tag) going into origtagname. and the files with the same filename in
origtagname will NOT be touched.
hence the really important advice about both (or more!) sets of
doing checkouts of all sets and compilation / testing of all sets. or
good communication / good development practices.
cvs update works exactly as expected in the "mixed" directory. you do
need to specify the '-r' option again. just cvs update.
NOTE: BIG NOTE!!!! DON'T USE cvs update -A! the -r option on cvs update
created a "sticky" tag on the missing files! you do cvs update -A and
IGNORES "sticky" tags. you will SCRREW UP your carefully-prepared
mixed-tag environment with update -A!
i'm sure there is a use for -A - e.g. when you want to "merge" code from
the mixed-tagged branch and "shut down" the temporary tag.
stage 5 froze in the directory in which the "mixed" tag files were
it said, "cvs update: duplicate key found for 'y'".
uhh??? what the hell is 'y'? i never touched the 'y' key!!!!
i examined the CVS/Entries file, it contained all the entries. it was
just that the files were not there.
so i performed a cvs update (no -r option the second time)
and it worked. all the files were there, all checked out. i am very
impressed and pleased
so, other than this slightly weird behaviour and the necessary
work-around that required a stage 6 - a second cvs update - that's
this mixed-tag method is a really useful approach to the problems
associated with doing thousand and million line project development with
cvs, that would typically require a high (and restrictive!) degree of
synchronisation and communication with *internal and informal* release
cycles to solve!
and we know that high communication and synchronisation means no, we get
the normal amount of comms and sync which results in said massive
becoming completely unmanageable and impossible to work in, very
noone can ever compile anything completely.
use cvs in mixed-tag mode, problem is solved.
fun and games with cvs.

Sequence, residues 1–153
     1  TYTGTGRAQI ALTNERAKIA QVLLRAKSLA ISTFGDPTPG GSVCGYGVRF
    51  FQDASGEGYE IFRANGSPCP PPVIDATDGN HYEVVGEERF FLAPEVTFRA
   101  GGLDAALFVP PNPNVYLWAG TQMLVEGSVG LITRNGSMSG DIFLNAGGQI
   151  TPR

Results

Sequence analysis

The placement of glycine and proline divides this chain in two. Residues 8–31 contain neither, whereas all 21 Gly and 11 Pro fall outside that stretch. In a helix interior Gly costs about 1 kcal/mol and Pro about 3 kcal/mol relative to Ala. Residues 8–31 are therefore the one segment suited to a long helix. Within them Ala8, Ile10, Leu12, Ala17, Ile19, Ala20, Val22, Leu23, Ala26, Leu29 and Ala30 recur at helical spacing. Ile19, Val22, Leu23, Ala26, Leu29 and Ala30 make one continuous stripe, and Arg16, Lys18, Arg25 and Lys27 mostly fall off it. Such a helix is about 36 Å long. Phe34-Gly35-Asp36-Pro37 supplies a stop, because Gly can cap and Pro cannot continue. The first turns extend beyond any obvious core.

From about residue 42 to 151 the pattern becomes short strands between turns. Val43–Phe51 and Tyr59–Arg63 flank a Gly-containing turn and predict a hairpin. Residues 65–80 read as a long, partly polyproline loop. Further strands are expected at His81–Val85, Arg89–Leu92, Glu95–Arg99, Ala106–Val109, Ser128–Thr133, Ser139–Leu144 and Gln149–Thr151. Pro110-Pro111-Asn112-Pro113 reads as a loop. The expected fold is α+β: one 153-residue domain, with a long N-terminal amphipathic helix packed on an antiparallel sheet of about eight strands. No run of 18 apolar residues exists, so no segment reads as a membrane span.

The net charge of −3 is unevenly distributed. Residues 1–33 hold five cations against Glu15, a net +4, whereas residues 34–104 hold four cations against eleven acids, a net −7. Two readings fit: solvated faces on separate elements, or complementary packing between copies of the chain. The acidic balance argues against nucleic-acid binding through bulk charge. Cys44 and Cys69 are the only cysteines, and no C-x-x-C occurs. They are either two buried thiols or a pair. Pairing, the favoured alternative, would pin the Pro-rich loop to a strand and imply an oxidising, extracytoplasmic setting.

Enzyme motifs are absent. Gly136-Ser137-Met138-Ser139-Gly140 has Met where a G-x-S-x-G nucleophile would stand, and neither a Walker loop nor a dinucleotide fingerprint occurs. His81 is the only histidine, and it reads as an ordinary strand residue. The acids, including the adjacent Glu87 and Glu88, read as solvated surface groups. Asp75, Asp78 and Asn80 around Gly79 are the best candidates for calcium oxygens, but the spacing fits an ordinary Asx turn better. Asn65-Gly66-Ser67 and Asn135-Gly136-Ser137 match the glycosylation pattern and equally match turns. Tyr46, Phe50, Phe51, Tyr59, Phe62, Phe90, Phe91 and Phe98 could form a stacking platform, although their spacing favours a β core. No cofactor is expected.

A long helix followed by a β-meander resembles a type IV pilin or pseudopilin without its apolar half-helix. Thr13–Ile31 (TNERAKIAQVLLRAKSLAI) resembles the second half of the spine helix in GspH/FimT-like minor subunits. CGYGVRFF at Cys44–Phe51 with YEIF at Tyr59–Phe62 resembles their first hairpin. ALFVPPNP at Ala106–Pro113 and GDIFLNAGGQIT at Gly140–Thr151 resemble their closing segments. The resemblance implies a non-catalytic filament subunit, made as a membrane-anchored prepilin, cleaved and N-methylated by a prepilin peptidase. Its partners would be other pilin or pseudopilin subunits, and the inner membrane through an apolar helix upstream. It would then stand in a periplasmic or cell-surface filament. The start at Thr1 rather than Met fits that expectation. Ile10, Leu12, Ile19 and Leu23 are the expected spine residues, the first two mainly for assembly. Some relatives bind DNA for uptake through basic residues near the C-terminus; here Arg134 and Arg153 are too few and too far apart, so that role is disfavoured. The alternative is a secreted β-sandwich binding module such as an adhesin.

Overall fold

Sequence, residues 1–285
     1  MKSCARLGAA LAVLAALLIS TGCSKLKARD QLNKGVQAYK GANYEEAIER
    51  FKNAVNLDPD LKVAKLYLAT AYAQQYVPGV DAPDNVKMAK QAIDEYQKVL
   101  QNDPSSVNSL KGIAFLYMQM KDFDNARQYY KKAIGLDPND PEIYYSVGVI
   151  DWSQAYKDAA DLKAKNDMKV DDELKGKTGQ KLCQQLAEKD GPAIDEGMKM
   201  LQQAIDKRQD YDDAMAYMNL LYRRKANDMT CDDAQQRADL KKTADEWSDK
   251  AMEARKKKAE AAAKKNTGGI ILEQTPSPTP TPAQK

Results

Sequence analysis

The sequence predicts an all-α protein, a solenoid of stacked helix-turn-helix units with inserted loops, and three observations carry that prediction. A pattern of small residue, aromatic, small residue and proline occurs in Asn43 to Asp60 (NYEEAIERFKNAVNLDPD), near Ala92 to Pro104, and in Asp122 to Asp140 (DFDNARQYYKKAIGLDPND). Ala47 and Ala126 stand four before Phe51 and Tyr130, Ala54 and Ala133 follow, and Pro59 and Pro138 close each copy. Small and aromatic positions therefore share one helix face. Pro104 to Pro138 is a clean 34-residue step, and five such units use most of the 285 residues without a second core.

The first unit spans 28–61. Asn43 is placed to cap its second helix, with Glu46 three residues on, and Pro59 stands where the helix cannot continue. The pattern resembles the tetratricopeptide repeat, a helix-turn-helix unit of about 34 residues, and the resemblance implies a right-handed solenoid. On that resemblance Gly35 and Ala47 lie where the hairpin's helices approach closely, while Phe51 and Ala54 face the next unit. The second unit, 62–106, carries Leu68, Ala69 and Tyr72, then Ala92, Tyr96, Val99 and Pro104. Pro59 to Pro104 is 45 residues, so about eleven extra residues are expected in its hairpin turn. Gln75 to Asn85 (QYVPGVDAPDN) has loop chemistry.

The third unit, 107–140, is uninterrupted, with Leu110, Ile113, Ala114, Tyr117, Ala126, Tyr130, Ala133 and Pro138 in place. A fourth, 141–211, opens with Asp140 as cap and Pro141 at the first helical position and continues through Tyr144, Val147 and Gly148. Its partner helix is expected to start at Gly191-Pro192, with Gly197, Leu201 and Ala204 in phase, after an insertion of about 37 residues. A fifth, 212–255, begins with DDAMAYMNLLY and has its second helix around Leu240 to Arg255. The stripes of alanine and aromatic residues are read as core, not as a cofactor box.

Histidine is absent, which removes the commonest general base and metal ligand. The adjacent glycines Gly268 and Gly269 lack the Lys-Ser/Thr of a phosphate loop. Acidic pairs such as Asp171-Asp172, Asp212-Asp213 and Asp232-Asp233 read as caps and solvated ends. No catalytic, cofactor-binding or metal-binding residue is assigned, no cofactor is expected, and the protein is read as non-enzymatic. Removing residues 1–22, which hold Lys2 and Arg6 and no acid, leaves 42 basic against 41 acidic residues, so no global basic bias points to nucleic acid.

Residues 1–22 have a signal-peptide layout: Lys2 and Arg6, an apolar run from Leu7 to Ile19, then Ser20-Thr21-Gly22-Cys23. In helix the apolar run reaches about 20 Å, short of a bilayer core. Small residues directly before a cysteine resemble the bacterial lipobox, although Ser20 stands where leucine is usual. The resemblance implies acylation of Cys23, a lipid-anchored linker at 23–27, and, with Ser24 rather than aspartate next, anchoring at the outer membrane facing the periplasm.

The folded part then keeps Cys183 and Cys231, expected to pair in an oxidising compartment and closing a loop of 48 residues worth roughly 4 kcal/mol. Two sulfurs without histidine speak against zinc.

who wants to do the bug-report about the duplicate key found thing?
----- Luke Kenneth Casson Leighton -----
"i want a world of dreams, run by near-sighted visionaries"
"good. that's them sorted out. now, on _this_ world..."
How about patch?, posted 21 Feb 2001 at 17:37 UTC by sej »
Your article seems an admirable job of wrestling with the branch/merge
and tagging mechanisms of cvs. Good luck getting a larger group of
programmers to understand and execute this stratagem. I'm sure a lot
of respondents will say "wait for subversion, it will
solve all this."
But I would like to point out that you can accomplish the same thing by
setting up separate repositories (cvs, rcs, or other) and using patch
to keep them selectively in synch. One repository for the stable
source tree, one for the experimental development. Commits on the
experimental repository are sorted into those to be transferred now,
and those to be transferred later.
Admittedly this is not easy with cvs as it now stands, because
generating patches is complicated by the fact revision tags are per
file rather than per commit. You need to establish some extra
mechanism (ivmkcm is an
example) or switch to subversion. But
once you can generate and keep track of patch files you can carry on
distributed multi-track development without reliance on a single
repository, or fear you'll never be able to synch up when the time is
i did an article on dirdiff which i found
an extremely useful tool to do merging. regardless of the merge tool,
if you have multiple repositories (effectively the same as multiple
complete branch tags) it is GUARANTEED that they will get
out-of-sync over long periods of time (more than a few days), in areas
that are too much time for each development group
to bother with doing things like patch, and merge.
cvs branching is like, absolutely fine for things like, oh, i just want
to try out these 300 lines of code or do a global/search/replace on the
entire code, without breaking anything for anyone. a very specific,
MAXIMUM of TWO WEEKS, development task.
for a major, major impact task such as, "today i am going to start
version 1.9 of the libmelon library" or "today i am going to add DCE/RPC
over TCP/IP to the TNG DCE/RPC libraries", or, "today i am going to
start to do a Primary Domain Controller", a cvs branch is just not
xxxxing funny any more.
i sincerely hope that subversion can help with this type of task. i
will love it very much if it does!
much appreciate your reminder that other good alternatives are out
sei, i thought about what you suggest a little more. the primary
difference is that mixed-tagging is effectively an automated version of
doing manual patch, except that the mixed-tagged files are just
completely skipped out from the patch.
which requires, for shared files, some level of manual patching,
developer cooperation, blah blah.
i realise there are lots of steps involved, which is why i wrote this